Friday, June 3, 2011

dust bath

I described before the way in which Rosie and Hattie had plopped themselves on the egg plate and launched into a "bizarre spastic ritual" that sent egg flying everywhere. Well, silly me, the very first time we ventured out into the chicken yard it became perfectly clear what that bizarre spastic ritual actually was: a dust bath!

Chickens, like other birds that lack a uropygial gland, keep themselves clean and free of parasites by dust bathing. Right away our girls set up their spa in a corner of the yard. Hattie, once again, was the first to plop herself in a relatively weed-free patch. One of the striking things about a bird about to engage in a dust bath is the air of determination she projects. Most of the time, the girls seem content to blow with the wind, shifting easily and with little apparent reason from roosting to grazing to flapping excitedly about to nodding off. But when a chick gets it in her head that she's due for a bath, there seems to be little that will deter her. And really, why interrupt when a dirty child actually chooses to get in the bath?

Having chosen the most auspicious corner, Hattie got to work. Through a combination of scratching and pecking she loosened the soil at the surface, intermittently pausing to test the depth. Then began the shimmying and shuddering, the flopping and flailing...all undertaken with a kind of eyes-half-closed bliss reminiscent of a cat with catnip or a dog whose belly is being scratched. Or a human having an encounter with The Tingler. Don't let the woman pictured at that link fool you. There was once a Tingler that made the rounds of a certain Opera Orchestra green room (it sounds a little unhygienic, I'll grant you, but desperate times--or a run of Tannhauser--will sometimes lead to desperate measures) and the facial expressions more closely approximated drunken ecstasy than this lady's cheerful grin.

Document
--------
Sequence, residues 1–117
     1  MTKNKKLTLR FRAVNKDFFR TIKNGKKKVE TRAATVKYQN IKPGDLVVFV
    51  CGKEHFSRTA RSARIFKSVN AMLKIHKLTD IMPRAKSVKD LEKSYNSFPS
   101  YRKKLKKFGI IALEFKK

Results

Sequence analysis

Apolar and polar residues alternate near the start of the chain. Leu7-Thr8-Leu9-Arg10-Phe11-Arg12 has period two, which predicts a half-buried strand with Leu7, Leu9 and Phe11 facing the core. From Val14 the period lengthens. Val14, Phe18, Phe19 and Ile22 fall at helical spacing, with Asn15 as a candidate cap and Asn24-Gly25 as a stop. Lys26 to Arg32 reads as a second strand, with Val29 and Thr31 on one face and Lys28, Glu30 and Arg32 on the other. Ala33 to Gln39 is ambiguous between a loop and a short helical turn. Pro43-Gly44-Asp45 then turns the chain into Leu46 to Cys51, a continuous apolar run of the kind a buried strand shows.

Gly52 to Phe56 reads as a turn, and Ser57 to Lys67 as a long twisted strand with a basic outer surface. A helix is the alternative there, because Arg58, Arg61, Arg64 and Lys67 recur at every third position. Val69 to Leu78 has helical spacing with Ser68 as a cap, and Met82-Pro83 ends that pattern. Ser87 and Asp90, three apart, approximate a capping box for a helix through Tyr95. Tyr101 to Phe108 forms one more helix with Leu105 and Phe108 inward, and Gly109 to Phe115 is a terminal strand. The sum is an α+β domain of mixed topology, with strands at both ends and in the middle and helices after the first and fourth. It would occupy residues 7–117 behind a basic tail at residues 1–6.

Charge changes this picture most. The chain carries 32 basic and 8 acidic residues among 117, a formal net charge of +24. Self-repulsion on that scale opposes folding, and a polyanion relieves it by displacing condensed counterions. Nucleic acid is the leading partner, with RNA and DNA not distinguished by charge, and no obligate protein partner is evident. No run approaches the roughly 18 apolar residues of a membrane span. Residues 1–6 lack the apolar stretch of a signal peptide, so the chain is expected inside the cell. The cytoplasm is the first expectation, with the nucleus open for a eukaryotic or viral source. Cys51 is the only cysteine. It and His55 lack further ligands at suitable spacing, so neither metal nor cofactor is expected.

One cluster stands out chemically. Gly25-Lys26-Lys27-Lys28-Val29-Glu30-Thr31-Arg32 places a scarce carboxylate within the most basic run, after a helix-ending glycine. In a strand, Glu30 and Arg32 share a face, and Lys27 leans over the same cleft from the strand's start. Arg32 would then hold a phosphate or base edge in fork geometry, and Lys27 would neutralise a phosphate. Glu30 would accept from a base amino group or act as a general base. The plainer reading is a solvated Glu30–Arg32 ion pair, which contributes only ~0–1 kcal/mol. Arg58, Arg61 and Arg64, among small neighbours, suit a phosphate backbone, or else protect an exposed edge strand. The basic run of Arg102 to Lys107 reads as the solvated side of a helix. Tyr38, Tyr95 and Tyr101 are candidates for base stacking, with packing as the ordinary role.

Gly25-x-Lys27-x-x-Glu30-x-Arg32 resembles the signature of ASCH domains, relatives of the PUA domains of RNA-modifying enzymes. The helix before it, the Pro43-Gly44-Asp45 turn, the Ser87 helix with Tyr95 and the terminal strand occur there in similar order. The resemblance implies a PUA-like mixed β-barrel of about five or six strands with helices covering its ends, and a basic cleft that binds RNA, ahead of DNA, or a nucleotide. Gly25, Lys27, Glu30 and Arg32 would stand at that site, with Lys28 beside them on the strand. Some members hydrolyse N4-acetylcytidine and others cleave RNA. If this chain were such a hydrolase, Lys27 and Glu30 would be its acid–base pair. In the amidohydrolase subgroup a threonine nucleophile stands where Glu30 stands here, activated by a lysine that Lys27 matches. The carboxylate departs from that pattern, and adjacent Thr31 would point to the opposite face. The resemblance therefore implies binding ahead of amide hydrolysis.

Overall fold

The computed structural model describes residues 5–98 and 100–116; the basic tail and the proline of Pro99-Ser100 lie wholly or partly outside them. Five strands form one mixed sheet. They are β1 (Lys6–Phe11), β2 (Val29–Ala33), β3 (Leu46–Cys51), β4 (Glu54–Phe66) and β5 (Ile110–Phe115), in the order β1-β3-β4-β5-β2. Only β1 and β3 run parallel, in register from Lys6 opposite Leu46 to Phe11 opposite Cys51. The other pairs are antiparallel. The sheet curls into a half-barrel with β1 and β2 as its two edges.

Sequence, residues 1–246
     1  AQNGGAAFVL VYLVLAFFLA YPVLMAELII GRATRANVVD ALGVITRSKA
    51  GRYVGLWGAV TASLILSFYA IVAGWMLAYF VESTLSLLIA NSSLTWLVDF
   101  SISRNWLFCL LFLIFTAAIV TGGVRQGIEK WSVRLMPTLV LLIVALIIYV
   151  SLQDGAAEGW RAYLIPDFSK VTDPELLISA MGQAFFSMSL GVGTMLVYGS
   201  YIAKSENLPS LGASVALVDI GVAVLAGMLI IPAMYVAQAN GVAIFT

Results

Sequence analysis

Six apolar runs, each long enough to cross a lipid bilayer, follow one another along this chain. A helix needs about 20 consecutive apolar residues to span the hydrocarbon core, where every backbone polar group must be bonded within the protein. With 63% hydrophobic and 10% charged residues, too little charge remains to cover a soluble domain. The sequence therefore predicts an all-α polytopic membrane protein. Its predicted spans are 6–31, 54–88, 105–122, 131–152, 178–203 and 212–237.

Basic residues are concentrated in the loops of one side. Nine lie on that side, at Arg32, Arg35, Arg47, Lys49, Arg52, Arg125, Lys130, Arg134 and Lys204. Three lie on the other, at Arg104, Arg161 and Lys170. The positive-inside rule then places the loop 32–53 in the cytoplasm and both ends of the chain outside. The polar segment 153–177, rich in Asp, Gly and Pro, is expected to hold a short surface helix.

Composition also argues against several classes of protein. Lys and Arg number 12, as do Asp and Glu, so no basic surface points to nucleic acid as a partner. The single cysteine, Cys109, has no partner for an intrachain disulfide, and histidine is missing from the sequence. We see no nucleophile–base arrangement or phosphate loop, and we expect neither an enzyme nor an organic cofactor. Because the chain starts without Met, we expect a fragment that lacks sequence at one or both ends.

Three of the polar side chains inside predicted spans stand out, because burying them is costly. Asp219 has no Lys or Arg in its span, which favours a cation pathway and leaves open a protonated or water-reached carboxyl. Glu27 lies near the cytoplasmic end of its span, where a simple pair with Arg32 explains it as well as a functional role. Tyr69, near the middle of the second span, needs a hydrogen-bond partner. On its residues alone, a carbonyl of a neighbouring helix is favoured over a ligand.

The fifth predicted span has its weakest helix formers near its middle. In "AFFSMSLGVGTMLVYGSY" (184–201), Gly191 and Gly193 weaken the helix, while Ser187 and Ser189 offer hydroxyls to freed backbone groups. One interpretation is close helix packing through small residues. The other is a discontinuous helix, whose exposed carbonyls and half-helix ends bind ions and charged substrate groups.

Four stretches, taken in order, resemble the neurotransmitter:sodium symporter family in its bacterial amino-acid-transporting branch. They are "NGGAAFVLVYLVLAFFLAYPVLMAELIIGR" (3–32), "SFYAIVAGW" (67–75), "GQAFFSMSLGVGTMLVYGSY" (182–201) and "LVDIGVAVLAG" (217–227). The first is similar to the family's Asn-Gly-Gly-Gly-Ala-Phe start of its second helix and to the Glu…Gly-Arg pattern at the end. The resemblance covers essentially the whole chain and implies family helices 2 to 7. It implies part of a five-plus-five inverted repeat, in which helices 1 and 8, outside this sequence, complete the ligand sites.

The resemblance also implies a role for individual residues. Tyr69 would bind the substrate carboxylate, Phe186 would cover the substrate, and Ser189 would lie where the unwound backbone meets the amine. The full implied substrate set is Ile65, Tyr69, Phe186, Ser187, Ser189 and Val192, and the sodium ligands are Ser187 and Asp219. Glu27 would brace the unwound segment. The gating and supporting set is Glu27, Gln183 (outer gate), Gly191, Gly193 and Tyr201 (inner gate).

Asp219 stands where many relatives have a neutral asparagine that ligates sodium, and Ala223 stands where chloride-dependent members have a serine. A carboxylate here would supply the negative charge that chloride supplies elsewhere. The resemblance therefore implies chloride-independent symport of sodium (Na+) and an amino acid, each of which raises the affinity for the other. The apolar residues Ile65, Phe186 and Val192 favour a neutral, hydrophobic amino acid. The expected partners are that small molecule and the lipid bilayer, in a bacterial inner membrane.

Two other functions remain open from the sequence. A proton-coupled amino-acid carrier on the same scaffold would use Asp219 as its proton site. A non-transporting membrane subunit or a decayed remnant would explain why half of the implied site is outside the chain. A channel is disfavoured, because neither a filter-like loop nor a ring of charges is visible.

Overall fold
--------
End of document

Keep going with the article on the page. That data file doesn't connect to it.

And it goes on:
Soon after Hattie began her ablutions, the others joined her. The result was a writhing carpet of mottled feathers and baby fluff, chirping and squealing. And "splashing" dirt all over themselves and each other. But words fail to do it justice. Watch:

This evening is bittersweet. I wrote most of this post from the bench in the chicken yard, having taken the girls out of the house for what I expect will be the last time. My friend Susie, who herself keeps chickens at Thierbach Orchards, told me I would know when it was time to put them out. I think (hope!) she was right. Last night, I arrived home after work to find the chicks had unearthed the layer of paper toweling underneath the wood shavings in the brooder and had made great progress toward completely shredding it. They've become increasingly bold and competent about flapping up to the top of the fount and feeder and even up to the top edge of the brooder. They adore their field trips outside and seem completely at home in their yard (and hate being scooped up and taken back in at the end). The combination of a warm weather forecast and their rapid fledging means they'll likely be warm enough even without a heat lamp.

So after enjoying their frolics and gaining their assistance writing this post...
Millie: giving new meaning to the "hunt and peck" school of typing

yes, Hattie, it's about you!

I rounded them up (easier said than done), put them in the coop and shut the doors. I will be out there as soon as I post this to check on them and again before I go to sleep, I'm sure. But I don't imagine I'll have chickens in my living room again for quite some time. Maybe I should have titled this post "empty nest" instead!

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